The company on Tuesday started a mid-to-late stage study of its vaccine to assess the safety and effectiveness of two doses of the shot, given 28 days apart, and intends to enroll about 6,750 children in the United States and Canada.
In a separate study, which began in December, Moderna is also testing its vaccine in adolescents between 12 and 18 years old.
Moderna’s vaccine has already been authorized in Canada and the U.S. for those who are aged 18 and older. But experts don’t expect to see any approvals for children in the near future.
When asked whether Health Canada could approve a vaccine for use in children before school begins in the fall of 2021, Dr. Supriya Sharma, the agency’s chief medical advisor, said the timeline sounded “a bit optimistic.”
“So the trials in children tend to be a bit slower to get up and running in terms of recruiting individuals,” she said earlier this month. “And then, of course, we have to conduct the trials and then take that information and assess that.”
She said it’s “not inconceivable that we might have some data in the summer.”
“And potentially by the end of this calendar year, we might have some indications in children, but … that’s still pretty optimistic.”
That appeared to be echoed by Dr. Caroline Quach, the chair of Canada’s National Advisory Committee on Immunizations, on Tuesday. She said data has so far been provided by Pfizer-BioNTech on its vaccine being tested within the 12 to 15 age group.
However, she said NACI will not make any recommendations on vaccines used in children before it has seen data from a phase three trial, she said.
“From our understanding, we should get some data in the next two to three months for at least eh 12 to 15-year-olds. Then, as data is accrued and vaccines are deemed to be safe and immunogenic, then they will decrease in age range until they go down to the younger ones,” she said.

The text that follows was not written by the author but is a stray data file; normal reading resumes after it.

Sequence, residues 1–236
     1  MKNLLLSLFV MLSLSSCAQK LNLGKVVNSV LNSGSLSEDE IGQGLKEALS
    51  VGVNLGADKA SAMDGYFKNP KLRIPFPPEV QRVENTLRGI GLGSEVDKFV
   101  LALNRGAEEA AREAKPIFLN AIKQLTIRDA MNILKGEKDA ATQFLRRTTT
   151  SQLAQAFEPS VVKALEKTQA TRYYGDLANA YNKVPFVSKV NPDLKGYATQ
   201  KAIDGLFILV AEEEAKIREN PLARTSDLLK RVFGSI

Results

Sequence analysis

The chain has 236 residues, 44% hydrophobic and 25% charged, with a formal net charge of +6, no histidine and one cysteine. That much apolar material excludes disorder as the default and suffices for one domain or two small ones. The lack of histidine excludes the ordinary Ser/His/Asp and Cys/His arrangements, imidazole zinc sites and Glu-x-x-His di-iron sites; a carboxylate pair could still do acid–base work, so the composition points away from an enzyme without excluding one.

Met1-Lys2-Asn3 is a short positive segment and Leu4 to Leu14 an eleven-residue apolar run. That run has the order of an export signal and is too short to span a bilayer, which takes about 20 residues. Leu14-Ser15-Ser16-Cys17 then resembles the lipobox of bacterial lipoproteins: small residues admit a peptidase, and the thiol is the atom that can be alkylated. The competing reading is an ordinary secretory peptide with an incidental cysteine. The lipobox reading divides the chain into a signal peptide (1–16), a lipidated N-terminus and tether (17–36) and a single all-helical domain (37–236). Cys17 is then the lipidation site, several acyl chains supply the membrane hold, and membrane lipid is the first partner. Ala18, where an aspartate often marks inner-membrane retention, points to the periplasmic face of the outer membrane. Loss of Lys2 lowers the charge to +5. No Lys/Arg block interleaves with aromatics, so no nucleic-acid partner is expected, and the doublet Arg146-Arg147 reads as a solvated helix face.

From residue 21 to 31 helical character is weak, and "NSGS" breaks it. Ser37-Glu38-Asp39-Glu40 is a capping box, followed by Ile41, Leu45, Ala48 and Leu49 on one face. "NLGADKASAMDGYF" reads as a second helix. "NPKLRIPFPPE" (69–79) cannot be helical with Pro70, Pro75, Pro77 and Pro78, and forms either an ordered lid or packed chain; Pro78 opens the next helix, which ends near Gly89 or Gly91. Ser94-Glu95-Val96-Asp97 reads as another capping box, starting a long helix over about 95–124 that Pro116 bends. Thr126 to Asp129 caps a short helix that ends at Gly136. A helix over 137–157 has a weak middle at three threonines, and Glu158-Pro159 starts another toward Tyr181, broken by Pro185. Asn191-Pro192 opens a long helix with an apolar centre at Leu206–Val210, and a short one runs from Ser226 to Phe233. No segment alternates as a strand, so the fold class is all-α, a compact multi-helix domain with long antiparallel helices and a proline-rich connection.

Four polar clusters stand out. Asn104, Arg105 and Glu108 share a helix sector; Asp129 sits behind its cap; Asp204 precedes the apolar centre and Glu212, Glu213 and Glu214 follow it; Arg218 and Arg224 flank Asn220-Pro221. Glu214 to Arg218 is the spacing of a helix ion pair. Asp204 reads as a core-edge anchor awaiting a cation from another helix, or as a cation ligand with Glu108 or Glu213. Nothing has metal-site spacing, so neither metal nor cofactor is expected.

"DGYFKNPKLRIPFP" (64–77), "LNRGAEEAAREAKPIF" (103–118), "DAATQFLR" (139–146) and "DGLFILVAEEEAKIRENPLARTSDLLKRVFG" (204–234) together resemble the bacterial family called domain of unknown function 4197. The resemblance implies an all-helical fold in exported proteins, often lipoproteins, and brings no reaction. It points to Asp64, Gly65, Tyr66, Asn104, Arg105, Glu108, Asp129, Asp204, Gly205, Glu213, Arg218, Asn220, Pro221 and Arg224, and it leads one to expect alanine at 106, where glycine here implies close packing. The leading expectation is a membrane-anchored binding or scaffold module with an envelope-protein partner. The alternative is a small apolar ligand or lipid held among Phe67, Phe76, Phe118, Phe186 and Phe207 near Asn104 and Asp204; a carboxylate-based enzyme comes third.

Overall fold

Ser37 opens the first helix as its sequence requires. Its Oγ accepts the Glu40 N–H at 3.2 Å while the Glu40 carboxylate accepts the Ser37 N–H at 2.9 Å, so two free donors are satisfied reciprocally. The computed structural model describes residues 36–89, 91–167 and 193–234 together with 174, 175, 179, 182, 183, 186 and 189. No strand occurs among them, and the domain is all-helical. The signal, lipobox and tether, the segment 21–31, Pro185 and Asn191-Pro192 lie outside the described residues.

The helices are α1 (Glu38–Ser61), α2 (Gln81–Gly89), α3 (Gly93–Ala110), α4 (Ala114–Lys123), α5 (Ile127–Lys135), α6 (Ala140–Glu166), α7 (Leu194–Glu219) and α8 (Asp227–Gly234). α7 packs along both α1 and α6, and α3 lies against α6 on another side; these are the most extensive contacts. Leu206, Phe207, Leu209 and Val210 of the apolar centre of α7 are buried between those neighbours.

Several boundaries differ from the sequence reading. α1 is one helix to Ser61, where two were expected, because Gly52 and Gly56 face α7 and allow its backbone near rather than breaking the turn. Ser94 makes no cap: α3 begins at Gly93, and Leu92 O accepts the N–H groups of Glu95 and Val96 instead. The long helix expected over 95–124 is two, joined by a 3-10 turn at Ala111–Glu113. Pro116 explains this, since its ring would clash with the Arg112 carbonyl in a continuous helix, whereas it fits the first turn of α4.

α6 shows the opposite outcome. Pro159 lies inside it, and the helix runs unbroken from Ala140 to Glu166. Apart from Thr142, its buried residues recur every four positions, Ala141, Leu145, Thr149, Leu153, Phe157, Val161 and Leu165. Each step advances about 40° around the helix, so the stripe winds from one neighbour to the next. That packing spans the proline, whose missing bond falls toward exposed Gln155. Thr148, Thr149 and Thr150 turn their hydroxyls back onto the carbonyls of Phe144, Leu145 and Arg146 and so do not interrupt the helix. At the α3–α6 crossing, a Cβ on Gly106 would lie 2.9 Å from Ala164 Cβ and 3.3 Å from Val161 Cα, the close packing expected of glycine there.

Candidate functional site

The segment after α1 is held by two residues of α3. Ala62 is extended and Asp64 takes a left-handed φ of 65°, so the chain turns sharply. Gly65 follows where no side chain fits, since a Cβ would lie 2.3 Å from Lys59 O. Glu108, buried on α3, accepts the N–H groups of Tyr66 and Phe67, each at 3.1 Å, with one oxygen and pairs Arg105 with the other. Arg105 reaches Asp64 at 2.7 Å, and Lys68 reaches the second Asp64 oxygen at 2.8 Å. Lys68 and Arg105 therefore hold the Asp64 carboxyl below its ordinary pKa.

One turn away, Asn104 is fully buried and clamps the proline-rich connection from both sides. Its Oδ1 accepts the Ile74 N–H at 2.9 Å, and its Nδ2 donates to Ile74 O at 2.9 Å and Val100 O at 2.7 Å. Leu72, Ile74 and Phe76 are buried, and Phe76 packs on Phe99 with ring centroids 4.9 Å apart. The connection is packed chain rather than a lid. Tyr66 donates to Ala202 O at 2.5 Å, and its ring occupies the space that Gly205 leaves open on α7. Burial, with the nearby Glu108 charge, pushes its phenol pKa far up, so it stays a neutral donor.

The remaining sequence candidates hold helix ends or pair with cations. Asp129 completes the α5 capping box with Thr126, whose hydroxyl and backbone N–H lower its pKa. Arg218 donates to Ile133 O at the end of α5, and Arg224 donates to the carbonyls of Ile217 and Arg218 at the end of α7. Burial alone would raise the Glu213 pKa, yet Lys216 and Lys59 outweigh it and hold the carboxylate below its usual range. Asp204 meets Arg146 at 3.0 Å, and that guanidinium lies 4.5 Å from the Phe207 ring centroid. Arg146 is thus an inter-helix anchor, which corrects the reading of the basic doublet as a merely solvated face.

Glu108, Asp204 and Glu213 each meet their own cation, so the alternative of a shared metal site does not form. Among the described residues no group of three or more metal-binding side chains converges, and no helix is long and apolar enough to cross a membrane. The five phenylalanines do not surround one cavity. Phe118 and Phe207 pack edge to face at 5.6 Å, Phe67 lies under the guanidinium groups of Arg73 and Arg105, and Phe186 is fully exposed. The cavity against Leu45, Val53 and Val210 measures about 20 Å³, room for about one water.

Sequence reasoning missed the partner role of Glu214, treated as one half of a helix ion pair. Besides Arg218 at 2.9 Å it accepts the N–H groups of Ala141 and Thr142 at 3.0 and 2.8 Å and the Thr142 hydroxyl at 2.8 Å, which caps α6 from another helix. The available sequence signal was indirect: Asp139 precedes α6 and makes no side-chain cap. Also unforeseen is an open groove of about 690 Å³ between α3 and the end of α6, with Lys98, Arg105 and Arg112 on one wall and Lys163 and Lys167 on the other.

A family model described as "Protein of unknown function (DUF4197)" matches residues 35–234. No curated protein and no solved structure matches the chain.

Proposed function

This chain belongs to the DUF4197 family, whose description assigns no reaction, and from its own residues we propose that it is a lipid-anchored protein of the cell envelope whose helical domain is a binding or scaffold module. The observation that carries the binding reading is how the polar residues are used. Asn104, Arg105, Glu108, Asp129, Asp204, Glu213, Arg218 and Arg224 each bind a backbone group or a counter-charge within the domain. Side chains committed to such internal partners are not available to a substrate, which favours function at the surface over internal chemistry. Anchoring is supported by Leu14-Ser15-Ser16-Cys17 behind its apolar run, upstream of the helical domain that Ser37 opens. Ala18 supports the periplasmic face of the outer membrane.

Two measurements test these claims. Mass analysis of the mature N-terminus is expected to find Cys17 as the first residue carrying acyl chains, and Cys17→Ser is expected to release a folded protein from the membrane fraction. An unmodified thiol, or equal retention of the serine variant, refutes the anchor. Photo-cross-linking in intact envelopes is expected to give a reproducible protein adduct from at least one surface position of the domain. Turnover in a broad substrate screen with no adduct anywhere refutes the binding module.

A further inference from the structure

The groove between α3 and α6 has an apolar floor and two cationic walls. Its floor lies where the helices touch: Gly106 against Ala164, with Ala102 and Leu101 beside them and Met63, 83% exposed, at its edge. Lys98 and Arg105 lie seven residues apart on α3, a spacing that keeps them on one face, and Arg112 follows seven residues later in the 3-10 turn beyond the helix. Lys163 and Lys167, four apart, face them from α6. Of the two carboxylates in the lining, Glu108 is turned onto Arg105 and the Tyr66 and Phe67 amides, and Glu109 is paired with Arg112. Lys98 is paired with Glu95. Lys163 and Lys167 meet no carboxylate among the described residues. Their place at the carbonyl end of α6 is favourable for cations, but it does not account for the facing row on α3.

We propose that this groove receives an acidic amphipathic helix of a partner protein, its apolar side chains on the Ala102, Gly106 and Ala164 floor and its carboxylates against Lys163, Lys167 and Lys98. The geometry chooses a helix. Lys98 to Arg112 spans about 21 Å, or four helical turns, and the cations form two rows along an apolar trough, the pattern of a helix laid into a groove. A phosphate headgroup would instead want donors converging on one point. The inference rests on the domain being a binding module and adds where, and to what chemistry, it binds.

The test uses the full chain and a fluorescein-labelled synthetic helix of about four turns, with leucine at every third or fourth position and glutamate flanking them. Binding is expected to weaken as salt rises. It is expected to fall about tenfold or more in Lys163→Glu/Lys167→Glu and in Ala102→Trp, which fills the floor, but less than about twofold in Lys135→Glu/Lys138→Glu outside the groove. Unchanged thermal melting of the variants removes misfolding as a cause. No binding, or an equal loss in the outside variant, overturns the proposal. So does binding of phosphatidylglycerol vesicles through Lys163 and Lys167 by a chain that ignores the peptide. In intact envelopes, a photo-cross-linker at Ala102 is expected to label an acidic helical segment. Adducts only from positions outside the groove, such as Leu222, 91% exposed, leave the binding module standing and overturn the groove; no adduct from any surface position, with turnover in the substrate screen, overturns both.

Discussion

“But we’re not expecting anything for children before the end of 2021.”
At this point in Canada, no vaccines have been approved for use in children younger than 16 years of age.
The Pfizer-BioNTech vaccine can be used in anyone 16 and older, Health Canada says, while the other three shots — Moderna, AstraZeneca, and Johnson & Johnson — have been approved for adults 18 and up.
Health Canada says it is waiting on data from the vaccine manufacturers before it approves any shot for use in children.
Sharma said Pfizer and Moderna’s clinical trials in younger-age adults are the furthest along so far, but acknowledged that Johnson & Johnson has also been given Health Canada’s seal of approval to test the safety and efficacy of its vaccine in children aged 12 to 17.
AstraZeneca has also started its own clinical trial to test its vaccine in younger age groups, though Sharma is convinced Health Canada will receive data from Pfizer and Moderna first.
Children have so far fared better than adults throughout the COVID-19 pandemic. The virus is considered far deadlier for adults — particularly seniors and those with pre-existing conditions — but has proven to be generally very mild in the young, with minimal to rare deaths.
The result has essentially put kids near the end of the line for vaccinations. It’s also sparked a debate among scientists and other officials about how important it is to get children immunized.
So far, the rollout of vaccines worldwide has prioritized older people and others at risk because of their health or occupation.
Dr. William Schaffner, an infectious diseases expert from Vanderbilt University, said it’s important vaccine makers are testing their precious drugs in children.
He put it simply: “First of all, they’re not at zero risk.”
“There have been seriously afflicted children in this country and around the world, so we want to protect them,” he said.
“Second, children can be transmitters. They can carry the virus, bring it home, and transmit it among themselves. Not as freely and exuberantly as influenza, but nonetheless, they can do that.”
Schaffner said it’s important to test the vaccines in segmented age groups — like 12 to 15 years old — because it helps “get the dose right.”
“We want to make a careful assessment of all the safety issues, as well as the effectiveness,” he said.
Schaffner believes adding childhood or student vaccination to Canada’s vaccination strategy could add confidence to school safety plans and “lower the risk even further.”
— with files from Global News’ Hannah Jackson and Reggie CecchiniView link »